Today’s post is from Kristen Stine, Director of Human Resources at The PETA Foundation, who describes herself as “a total HR Geek.” There’s a sign in her office (made by a PETA staffer) that says "Work Hard & Be Nice to People." which, as Kristen likes to say, sums up her strategy. You can connect with Kristen on LinkedIn or Twitter.
The list of things that will get me out of bed at 5 AM is short. Very short. Luckily, meeting up with Ambrosia and Lars at the SHRM 2016 Annual Conference and Exposition is on that list. Armed with as much coffee as a human can safely consume in a two-hour period, I joined a group of intrepid comrades and settled into a seat in the back ready to soak in all the wisdom they had to offer.
At approximately 7:05 AM the words “get up and gather together; we’re going to do an activity” were uttered. Did I mention this was at 7 am? Woah, guys, this is not what I signed up for; I’m here to learn. I really should have known better. For the activity we were asked to partner up and share one thing that we’ve done in our work of which we’re proud. Second step was to ask for help with some sort of conundrum we’re facing.
Ten minutes later everyone in attendance discovered what HR Open Source is all about - the sharing of experiences and increasing our collective knowledge.
We were all better for the discussion.
This may sound blasphemous in the “strict-confidentiality” world of Human Resources. But here’s the thing my friends - our playbooks have been w-i-d-e open for a while. In an age where you can readily locate what a “competitor’ had for breakfast (spoiler, it was probably avocado toast), do you think they can’t find out your strengths, weaknesses, and pay philosophy on Glassdoor, Google or by sleuthing around the deep dark crevices of the internet?
Here, by way of example, is a story of my own...
Several years ago I came across the hashtag #NPRLife and thought it was absolutely brilliant. I appropriated it for our organization (@ThePETALife and #PETALife) before my twitter feed could even refresh (I don’t know if you noticed - but I’m not the only one who borrowed that phrase), we threw it into a few companywide e-mails, and it took off. Fast forward and today we’re sharing the Tagboard for the hashtag on our recruiting page so our applicants can see in real time what our staff are saying: the good, the bad, and the hilarious - we don’t censor.
Oh yes...it was absolutely terrifying at first and our lawyers hated the idea, but it has worked. We took an idea that was out there and we added to it. And now I encourage you to take what we did and make it better and then, what the heck, I’ll probably use your idea too!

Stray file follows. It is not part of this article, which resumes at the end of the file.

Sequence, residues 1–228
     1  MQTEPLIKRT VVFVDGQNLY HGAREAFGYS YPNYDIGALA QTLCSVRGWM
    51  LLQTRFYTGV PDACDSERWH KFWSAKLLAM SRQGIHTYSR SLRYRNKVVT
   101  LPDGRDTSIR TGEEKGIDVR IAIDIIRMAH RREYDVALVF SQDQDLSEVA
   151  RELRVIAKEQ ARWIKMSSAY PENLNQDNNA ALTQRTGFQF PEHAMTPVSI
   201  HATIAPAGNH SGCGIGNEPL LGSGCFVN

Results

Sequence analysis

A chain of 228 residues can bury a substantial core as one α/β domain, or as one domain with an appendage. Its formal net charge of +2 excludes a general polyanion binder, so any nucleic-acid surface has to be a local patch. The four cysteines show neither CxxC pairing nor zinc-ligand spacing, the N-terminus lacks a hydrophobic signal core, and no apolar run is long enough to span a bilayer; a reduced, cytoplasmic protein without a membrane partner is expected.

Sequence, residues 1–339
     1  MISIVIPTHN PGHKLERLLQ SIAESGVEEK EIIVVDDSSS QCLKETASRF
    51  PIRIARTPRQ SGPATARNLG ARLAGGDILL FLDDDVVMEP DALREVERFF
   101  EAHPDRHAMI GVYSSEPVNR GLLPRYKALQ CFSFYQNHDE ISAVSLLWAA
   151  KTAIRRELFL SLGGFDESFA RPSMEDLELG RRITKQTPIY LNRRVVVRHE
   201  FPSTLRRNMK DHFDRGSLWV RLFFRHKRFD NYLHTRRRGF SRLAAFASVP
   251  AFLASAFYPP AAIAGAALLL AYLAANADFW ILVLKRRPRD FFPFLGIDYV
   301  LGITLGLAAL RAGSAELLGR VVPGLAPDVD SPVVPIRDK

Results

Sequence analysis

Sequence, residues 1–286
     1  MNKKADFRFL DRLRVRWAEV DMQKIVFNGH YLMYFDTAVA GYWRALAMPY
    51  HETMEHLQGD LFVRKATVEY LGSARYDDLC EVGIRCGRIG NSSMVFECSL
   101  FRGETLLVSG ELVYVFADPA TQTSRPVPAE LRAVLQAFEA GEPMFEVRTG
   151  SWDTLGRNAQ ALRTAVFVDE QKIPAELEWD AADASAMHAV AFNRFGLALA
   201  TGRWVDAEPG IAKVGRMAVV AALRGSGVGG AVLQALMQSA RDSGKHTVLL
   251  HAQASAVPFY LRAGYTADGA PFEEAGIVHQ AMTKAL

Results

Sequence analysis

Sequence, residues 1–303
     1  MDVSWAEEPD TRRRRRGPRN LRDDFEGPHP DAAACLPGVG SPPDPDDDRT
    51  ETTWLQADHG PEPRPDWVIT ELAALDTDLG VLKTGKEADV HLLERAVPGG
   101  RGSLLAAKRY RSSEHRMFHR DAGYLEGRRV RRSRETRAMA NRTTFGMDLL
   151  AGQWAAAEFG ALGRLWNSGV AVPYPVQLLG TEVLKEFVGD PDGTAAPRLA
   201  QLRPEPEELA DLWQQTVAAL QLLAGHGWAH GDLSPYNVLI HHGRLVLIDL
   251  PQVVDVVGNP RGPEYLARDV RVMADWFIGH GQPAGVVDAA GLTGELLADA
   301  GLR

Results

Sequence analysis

A good number of the employees at our organization affix a particular quote to their email signature: “It takes nothing away from a human to be kind to animal”. In much the same way, opening up our HR playbooks to other professionals takes nothing away from our work. Let’s stop thinking of it as “stealing” and start realizing we’re “sharing” our ideas.
But back to that #SHRM16 session.
The irony wasn’t lost on the group when Lars told us that we don’t need to get our information from “Thought Leaders” at conferences. All of us have the ability to share what we know, learn from others, and move our profession forward - at a rate much faster than the next issue of HR Magazine can be printed.
True to form, Lars and Ambrosia live streamed their session; and guys...that was huge. I had to agree with Tim Sackett (as I usually do) who made the comment “I’m surprised the SHRM police didn’t shut it down!” But, after all, the key principle of the open source concept is that knowledge shouldn’t (and can’t!) be locked behind a conference pass.
I learned a lot from the conference this year from several really impressive, motivating, and accomplished speakers. Later, when I shared an Uber pool with another attendee, we spent time in traffic discussing different ideas for increasing diversity in our workforces. That conversation really gave me actionable items; things she had done that I could tweak for our environment. As we pulled up to her office, my Uber companion said, “The conference was good, but the majority of speakers were all consultants who have been telling other companies what to do for a long time, but they haven’t been in the trenches implementing and testing these concepts.”
I smiled and said, “I know a Facebook group that you might want to join…”